The whole bottled water v. filter discussion also got me thinking about choices we make as parents. For those you can, nursing is MUCH cheaper than formula, and although cloth diapers are cheaper(and greener) in the long run, they are pricer upfront.

  62. AniVee says:

    #60 Jen – it sounds wonderful and HOME is obviously very very important to you – getting the custome designed-for-your-family Dream House that you dream of and can afford will have many advantages, including:
    1. room for your kids AND THEIR FRIENDS to socialize – this way you have a better chance of knowing *where* your kids are and *what they are doing*
    2. Room for long-stay guests without driving the hosts bonkers
    3. Space for three generations together, if need be, which sets a good example to show the youngest generation what family loyalty really means – helping each other – and not shuffling the old folks off to some questionable-quality nursing home or the country poorhouse.
    4. Room for you to entertain, showing the kids how adults behave in polite company and that people of all ages and types can be friends
    5. Room to entertain so big family reunions or entertaining doesnt have to be done in expensive restaurants or hotels (even if you actually have the food partially or totally catered)

    I believe that having a home that you love, full of good memories helps keep a family together.

  63. Georgia says:

    I,too, grew up in a home where everyone did not have individual rooms and it did not stunt my mental, social or physical growth. We had 3 bedrooms, 1 bath, a living room and a kitchen. We had 2 parents and 6 kids most of that time. My sisters were younger than me (3-5 years), but I seldom got upset at them. My brothers got along fine and were 4-13 years apart.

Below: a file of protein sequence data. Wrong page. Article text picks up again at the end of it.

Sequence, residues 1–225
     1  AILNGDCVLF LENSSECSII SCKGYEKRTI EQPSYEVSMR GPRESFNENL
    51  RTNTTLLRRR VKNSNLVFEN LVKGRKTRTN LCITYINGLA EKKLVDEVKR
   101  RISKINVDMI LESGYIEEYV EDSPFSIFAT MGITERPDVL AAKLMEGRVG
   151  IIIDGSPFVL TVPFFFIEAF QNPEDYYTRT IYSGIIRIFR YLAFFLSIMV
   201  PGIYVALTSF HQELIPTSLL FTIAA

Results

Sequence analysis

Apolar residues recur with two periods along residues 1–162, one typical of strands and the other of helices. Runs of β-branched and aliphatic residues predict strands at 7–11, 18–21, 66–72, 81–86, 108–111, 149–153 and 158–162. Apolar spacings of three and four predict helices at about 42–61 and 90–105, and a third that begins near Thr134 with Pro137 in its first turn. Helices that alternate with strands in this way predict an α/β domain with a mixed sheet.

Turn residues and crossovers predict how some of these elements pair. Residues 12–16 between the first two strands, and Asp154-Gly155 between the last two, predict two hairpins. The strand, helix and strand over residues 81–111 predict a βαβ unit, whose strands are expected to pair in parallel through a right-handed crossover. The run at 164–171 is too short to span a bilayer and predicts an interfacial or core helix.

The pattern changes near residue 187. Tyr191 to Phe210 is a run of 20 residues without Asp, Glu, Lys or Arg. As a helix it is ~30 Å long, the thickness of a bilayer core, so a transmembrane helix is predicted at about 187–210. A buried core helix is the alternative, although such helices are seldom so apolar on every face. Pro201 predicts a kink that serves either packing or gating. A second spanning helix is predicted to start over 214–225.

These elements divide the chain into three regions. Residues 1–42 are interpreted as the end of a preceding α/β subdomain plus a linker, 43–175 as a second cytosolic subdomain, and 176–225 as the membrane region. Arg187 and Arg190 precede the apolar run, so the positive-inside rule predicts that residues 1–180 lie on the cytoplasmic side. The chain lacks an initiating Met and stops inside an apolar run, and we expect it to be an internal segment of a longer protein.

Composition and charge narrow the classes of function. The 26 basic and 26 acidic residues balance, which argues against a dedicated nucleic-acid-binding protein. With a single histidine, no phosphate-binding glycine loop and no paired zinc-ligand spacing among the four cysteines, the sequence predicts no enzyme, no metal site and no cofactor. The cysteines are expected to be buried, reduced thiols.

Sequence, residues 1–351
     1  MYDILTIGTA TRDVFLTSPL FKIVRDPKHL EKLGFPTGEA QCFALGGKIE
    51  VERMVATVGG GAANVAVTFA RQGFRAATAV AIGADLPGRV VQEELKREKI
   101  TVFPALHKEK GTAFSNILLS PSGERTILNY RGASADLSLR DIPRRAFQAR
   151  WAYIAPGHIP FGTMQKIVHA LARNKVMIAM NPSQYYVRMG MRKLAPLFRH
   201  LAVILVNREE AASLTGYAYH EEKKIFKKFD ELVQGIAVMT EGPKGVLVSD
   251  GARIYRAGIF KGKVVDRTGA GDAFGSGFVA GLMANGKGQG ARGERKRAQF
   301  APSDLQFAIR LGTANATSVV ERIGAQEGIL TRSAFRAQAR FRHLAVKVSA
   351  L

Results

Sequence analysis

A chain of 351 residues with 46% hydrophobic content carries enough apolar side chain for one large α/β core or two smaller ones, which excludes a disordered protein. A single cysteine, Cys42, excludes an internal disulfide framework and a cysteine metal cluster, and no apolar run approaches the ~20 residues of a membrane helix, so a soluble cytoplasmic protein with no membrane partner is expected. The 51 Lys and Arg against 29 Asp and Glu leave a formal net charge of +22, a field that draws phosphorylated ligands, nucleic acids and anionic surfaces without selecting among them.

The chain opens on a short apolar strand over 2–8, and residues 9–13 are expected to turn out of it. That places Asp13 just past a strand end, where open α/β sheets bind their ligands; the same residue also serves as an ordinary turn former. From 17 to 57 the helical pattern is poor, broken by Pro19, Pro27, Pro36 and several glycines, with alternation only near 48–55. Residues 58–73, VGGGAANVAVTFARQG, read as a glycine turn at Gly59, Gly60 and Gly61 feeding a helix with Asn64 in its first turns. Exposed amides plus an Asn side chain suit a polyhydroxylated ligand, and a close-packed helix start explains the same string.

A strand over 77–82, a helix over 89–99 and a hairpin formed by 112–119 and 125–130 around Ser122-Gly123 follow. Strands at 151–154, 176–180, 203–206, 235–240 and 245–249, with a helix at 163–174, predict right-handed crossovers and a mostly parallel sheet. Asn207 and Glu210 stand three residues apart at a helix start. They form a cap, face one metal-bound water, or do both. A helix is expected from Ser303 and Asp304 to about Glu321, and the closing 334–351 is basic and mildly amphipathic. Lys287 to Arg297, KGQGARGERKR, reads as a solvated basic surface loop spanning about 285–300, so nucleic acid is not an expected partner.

We are actually still very close as a family, well in love. We all live from 350-1500/2000 miles away from each other. Only reason my kids were able to talk me into a cell phone. My kids are on AT&T and so are many of my family. I signed onto their system and it doesn’t cost me but about $12 a month to talk to most of my family.

  64. Jen says:

    #62, AniVee, I’m going print your reply to remind myself if I ever question our decision. You are absolutely right. Home is VERY important to me. With my brain injury, I only leave the house a few times a week. Most of the time when we socialize, it’s because friends and family come here, and with the sound proofing we’re doing, hopefully my headache will lesson and my quality of life will improve. I am very blessed that my settlement allows us to build this house. Other TBI survivors are not nearly so lucky. I will have a beautiful AND functional home.

  65. Larabara says:

    I grew up in a 2 bedroom house with 3 sisters and only one bathroom. The teenage years were a special level of hell on earth. Trust me, get at least a second bathroom, especially if you have daughters.